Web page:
Perhaps most concisely, the goal of psychedelic therapy is essentially to increase neuroplasticity and help us create new neural connections, a major and possibly now-executable way to truly heal from trauma unlike any method we have been using in mainstream mental health previously.


While we will focus on the two currently most prevalent actual substances in a minute, we will first review a larger list of specific psychedelic therapy approaches as well as substances that are used in psychedelic therapy. The most notable part of this list is that it is largely untapped, and therefore important to keep in mind that many of these compounds may have completely evolved usage in just a decade or so.

There are 5 predominant approaches to psychedelic therapy at this time:

1. Psychedelic-Assisted Therapy:

this would describe the most official way to receive services, as there are currently legal routes to receive ketamine-assisted therapy from a licensed professional. A qualified therapist guides you through the experience in this approach. We would be safe to assume that once prevalence becomes more and more common, this will become the standard approach to administering psychedelic therapy.

2. Psychedelic Travel:

essentially a way to do psychedelic-assisted therapy by traveling to states or areas where services can be legally provided. Travel can be done either by the clinician or the client. Currently, it would be far more likely to see the latter just due to the limited and specific places that treatment is deemed legal.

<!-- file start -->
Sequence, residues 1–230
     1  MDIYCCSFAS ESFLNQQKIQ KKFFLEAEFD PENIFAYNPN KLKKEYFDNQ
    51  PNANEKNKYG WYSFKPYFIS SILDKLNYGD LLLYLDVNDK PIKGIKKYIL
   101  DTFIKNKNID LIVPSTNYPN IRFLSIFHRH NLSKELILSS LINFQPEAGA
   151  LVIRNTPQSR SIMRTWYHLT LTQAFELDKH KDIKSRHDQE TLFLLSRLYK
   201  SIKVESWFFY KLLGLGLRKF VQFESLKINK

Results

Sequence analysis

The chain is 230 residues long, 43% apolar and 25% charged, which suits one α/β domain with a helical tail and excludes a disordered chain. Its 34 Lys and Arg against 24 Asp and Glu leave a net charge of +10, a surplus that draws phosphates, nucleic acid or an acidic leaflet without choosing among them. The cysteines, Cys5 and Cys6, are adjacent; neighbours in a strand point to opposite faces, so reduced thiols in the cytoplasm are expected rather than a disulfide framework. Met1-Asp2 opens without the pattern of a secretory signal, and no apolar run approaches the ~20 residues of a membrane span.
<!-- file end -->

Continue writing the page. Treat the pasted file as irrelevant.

3. Psychedelic Retreats:

also known as psychedelic tourism, this would describe something such as attending an ayahuasca ceremony or spiritual retreat that is centralized around psychedelic experiences. While this can be very helpful, this approach also poses the most safety risk as there may be crucial resources missing or unregulated aspects to consuming the substances. If one is approaching psychedelic therapy from this angle, it is very important to have full understanding and awareness around both the safeguards and credibility of any psychedelic retreat or tourist activity.

4. Self-Directed:

again, this can work for some, but overall entails much greater risk due to lack of a qualified professional and susceptibility towards having an overly internal perspective turn things towards a “bad trip”, or undesirable sensory disintegration. An individual who is trying to process from an exclusively internal perspective may also be missing out on external ideas which may be crucial in connecting ideas or challenging pre-existing patterns.

5. Microdosing:

one of the more common approaches of psychedelic therapy is known as microdosing, or taking very small (5-10% of a “typical” dose) amounts of a substance for a mild but noticeable effect. Unlike other strategies, clients may consume small amounts of psychedelics 2-5 times per week in efforts to increase overall wellbeing at a minute but more constant level. While we are just seeing the tip of the iceberg of understanding like every other facet of psychedelic therapy, this is where you may be surprised to hear that this strategy… so far does NOT work any more effectively than placebo in most studies. Fortunately, the desired effects of microdosing have shown statistically proven evidence when clients instead took a full dose at a much less frequent rate.


In addition to the knowledge that we have gained, there are also obviously important risks to consider as well. While we have mentioned the concerns around those who have schizophrenia-rooted or bipolar disorders as far more at risk of psychosis and further mental harm when taking psychedelic drugs, there are additional risks involved as well.